"Did he (Kenseth) do anything wrong? I don't know," Busch said. "Did he do anything right? I don't know. I think it all depends on whose name's above the door on whether or not you're allowed to do it."
When Busch was asked if NASCAR would have parked him for doing what Kenseth did, he flatly answered, "yes."
The beauty of a sport like NASCAR is that we're allowed to debate when incidents happen. Most fans have been respectful, but some have not. Today, there was a comment on a Facebook page that wished a disabling or career-ending wreck on Kenseth. That is not okay. Be a fan, debate passionately, but show some sportsmanship.
We're not in the driver's heads. We don't know the "driver's code," as Ricky Craven called it on ESPN this morning. At 43 years old, Kenseth doesn't have many racing years left, and he saw one of his best shots at a second championship taken away by Logano's actions. What does the driver code call for in that instance? At 25 years old and on the verge of a breakout career, Logano saw perhaps his biggest threat to his title hopes about to win a race and advance to another round. What does the driver code call for in that case? None of us knows the answer.
What happened yesterday was pure retaliation from a driver who had simply had enough. With his title hopes dashed one week at Kansas, being brake-checked on pit road at Talladega and being taken out of contention by Logano's teammate earlier in the Martinsville race, Kenseth simply put his foot down -- on the gas.
It's hard to make a guy like Kenseth mad. He's often touted as being one of the most respected drivers in the garage, and has a reputation for racing you clean, as long as you do him the same favor. When asked about the incident in a post-race interview, Dale Earnhardt Jr. weighed in.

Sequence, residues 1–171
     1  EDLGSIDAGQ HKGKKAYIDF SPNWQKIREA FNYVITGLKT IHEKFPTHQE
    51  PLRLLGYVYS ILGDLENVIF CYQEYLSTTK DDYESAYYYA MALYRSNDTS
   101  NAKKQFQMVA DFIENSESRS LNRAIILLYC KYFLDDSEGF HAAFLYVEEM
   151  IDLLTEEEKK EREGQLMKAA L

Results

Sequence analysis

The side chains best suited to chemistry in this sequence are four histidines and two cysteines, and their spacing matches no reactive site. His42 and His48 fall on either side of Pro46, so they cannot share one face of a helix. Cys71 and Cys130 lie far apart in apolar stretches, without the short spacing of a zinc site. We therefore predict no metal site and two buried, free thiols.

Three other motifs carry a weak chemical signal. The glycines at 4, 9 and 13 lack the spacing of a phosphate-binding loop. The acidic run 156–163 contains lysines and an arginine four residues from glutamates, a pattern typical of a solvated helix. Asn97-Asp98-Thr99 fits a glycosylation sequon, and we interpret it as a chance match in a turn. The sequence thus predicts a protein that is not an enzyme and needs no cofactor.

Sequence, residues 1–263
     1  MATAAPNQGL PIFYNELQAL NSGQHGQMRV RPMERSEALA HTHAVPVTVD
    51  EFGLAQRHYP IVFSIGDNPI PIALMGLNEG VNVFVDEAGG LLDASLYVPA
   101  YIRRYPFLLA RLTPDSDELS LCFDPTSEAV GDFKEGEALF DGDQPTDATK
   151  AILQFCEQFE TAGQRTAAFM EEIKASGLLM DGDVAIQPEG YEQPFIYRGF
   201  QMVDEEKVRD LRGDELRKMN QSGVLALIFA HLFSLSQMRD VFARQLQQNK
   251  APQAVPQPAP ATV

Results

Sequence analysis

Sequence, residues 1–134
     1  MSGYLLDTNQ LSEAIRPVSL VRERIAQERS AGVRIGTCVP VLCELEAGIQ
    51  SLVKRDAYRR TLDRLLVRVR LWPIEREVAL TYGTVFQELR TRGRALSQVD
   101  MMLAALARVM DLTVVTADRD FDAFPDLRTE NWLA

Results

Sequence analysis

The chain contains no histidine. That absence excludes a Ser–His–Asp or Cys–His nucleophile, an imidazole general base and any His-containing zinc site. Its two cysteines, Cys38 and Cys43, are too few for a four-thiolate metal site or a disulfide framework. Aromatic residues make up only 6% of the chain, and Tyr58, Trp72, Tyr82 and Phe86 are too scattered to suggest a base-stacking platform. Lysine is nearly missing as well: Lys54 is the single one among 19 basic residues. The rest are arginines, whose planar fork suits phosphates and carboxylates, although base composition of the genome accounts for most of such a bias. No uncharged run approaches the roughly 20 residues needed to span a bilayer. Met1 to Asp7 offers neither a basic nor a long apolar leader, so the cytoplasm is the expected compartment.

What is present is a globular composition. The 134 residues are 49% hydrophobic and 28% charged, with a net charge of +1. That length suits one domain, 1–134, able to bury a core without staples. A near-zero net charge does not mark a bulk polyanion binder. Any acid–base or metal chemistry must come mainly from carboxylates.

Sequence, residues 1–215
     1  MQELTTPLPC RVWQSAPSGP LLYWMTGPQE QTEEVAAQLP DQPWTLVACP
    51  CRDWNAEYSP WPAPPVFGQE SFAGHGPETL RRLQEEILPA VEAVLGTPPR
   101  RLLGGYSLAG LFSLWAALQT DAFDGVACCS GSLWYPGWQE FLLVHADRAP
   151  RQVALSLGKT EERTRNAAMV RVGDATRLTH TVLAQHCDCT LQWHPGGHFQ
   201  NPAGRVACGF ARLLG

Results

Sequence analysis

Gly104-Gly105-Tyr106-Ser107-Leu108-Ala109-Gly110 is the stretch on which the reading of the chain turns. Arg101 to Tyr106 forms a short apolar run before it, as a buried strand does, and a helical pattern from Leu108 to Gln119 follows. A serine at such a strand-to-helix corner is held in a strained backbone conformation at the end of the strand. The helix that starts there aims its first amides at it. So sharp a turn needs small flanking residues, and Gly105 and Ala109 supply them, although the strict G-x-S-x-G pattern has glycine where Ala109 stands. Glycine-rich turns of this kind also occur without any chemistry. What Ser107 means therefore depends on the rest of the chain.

"I ain't going to argue with what Matt did," Earnhardt Jr. said. "Matt felt like he was justified with how Joey wrecked him at Kansas, and then was arrogant about it afterward. That was really what got under Matt's skin more than anything - how Joey was arrogant about it. When you wreck a guy you admit it, you know?"
Earnhardt Jr. had one final thought.
"Don't wreck Matt Kenseth, I'll tell you that right now. Do not wreck that boy."
Was this particular incident at Martinsville a black eye on the sport? No. Drivers have been wrecking each other for years, and NASCAR has been allowing it. Remember Dale Sr.? How about Rusty Wallace? But now that the Chase format has been impacted, NASCAR will want to set an example. Any penalties will be announced on Tuesday.
Overall, I believe NASCAR brought this type of situation on themselves. Here's why: First, they said, "Boys have at it." Second, they've put such an emphasis on winning in this new Chase format. A driver is guaranteed a Chase spot with a win, but has to claw his way in without, then has to do everything he can to advance. Third, they've constantly changed the rules: from limiting the number of green-white-checkered attempts at Talladega last weekend, to adding another attempt at the end of the race, to not enforcing penalties consistently among the drivers and teams.
But that's another debate.